In Setauket, some may have noticed the sagging 1887 carriage shed at the Caroline Church has been replaced. The foundation over the last few years has helped fund its stabilization and replacement.

St. James is currently undergoing a revitalization, and the foundation helped fund the Celebrate St. James organization in staging a musical comedy about the entertainment history of the community.

This month, the foundation awarded its 2019 grants. Recipients include the Order of the Ancient and Honorable Huntington Militia which presented Dec. 14 a demonstration at Raynham Hall Museum in Oyster Bay of handmade colonial crafts and trades. The presentation included a free exhibition with artisans who showed how to do silver and black smithing, weaving, horn and leather work and basket weaving.

Harriet Gerard Clark, executive director of Raynham Hall Museum, is one of many people from organizations that recognize the distinct value of Gardiner.

“I would say that the Gardiner foundation is profoundly changing the way we understand history on Long Island, not only by providing very much needed brick-and-mortar funding, but also by proactively encouraging and incentivizing new ways of networking and collaborating among institutions concerned with historic scholarship, so that we Long Islanders can gain a truer understanding of our own identity,” she said.

The Ward Melville Heritage Organization, which owns historic properties in Stony Brook and Setauket, has also benefited from the Gardiner’s work. The foundation most recently sponsored a live historically-themed play entitled “Courageous Women of the Revolutionary War.” The production highlights the previously unsung female heroes of George Washington’s spy ring.

The Gardiner foundation is comprised of a five-member board, plus an executive director. Kathryn Curran bears that title and deserves special recognition.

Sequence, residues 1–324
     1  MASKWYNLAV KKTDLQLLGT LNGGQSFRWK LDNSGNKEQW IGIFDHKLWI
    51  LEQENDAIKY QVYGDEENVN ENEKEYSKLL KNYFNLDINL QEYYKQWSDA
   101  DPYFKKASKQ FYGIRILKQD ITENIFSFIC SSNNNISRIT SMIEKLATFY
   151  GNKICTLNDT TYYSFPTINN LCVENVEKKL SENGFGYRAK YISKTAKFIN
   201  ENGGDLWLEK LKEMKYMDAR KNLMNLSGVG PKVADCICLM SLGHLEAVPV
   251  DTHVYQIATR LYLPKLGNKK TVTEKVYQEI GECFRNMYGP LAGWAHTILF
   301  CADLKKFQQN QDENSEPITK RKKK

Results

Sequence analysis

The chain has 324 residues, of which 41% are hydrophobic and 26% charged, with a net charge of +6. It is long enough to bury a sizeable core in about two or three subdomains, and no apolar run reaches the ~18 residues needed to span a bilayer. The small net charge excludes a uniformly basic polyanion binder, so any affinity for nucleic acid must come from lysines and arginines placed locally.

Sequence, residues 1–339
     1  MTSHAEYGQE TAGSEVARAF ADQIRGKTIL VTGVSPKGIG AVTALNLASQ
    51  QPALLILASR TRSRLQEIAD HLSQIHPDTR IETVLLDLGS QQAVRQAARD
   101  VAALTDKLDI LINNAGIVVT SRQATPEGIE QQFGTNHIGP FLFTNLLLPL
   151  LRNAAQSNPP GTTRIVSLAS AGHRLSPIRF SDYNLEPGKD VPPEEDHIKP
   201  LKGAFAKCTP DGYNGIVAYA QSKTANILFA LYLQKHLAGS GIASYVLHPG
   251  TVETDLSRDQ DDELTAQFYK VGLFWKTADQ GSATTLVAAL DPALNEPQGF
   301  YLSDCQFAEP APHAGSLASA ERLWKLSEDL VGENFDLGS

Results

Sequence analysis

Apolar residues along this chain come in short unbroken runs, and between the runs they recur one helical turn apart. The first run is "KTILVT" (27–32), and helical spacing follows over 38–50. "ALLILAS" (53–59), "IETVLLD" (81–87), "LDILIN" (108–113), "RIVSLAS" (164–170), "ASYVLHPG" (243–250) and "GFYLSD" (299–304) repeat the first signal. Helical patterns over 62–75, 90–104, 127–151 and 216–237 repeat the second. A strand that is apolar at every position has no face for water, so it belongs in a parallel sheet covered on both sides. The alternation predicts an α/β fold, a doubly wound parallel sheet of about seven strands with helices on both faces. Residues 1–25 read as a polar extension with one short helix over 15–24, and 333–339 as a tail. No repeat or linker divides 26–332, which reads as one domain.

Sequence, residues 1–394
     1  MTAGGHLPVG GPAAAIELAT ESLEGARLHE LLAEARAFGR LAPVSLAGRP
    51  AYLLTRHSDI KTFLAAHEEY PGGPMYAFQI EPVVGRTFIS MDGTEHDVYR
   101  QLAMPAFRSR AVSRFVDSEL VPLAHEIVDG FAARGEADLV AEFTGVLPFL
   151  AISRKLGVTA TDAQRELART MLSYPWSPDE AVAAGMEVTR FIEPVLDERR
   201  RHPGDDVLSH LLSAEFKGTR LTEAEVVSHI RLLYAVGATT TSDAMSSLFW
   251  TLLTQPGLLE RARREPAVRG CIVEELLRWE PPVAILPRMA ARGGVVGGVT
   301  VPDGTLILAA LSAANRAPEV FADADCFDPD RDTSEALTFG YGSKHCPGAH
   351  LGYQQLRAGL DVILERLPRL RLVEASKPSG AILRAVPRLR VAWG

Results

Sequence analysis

“Kathryn is a terrific lady, she is very creative and brings people together.”

– Gloria Rocchio

WMHO president, Gloria Rocchio, is very grateful to the foundation and recognizes Curran’s unique qualities.

“Kathryn is a terrific lady,” Rocchio said. “She is very creative and brings people together.”

One of the conditions of WMHO’s grant was to talk to other historical societies.

“We are making new connections because of that effort,” Rocchio added. “That was all because of Kathy.”

The Smithtown, Northport, Port Jefferson, Miller Place-Mount Sinai and many other Long Island historical societies have grown or become better established because of the Gardiner foundation.

The organization also announced this month that it will fund a Long Island Radio & Television Historical Society documentary that will explore the development of wireless technology on Long Island, featuring the Telefunken wireless station in West Sayville and an international spy ring in the lead-up to World War I. The project also highlights the work of Nikola Tesla of Shoreham and Guglielmo Marconi of Babylon.

The foundation seeks to support 501(c)(3) organizations that demonstrate strong and organized internal capacity, effectiveness, financial and human resources as well as the intellectual capacity to successfully manage the project. Newly formed historical entities are welcomed to apply for a grant.

At a time when historical preservationists report a decline in financial resources, the foundation’s support becomes more and more noteworthy.

For high school students interested in studying history, the foundation also offers a generous undergraduate scholarship worth $40,000.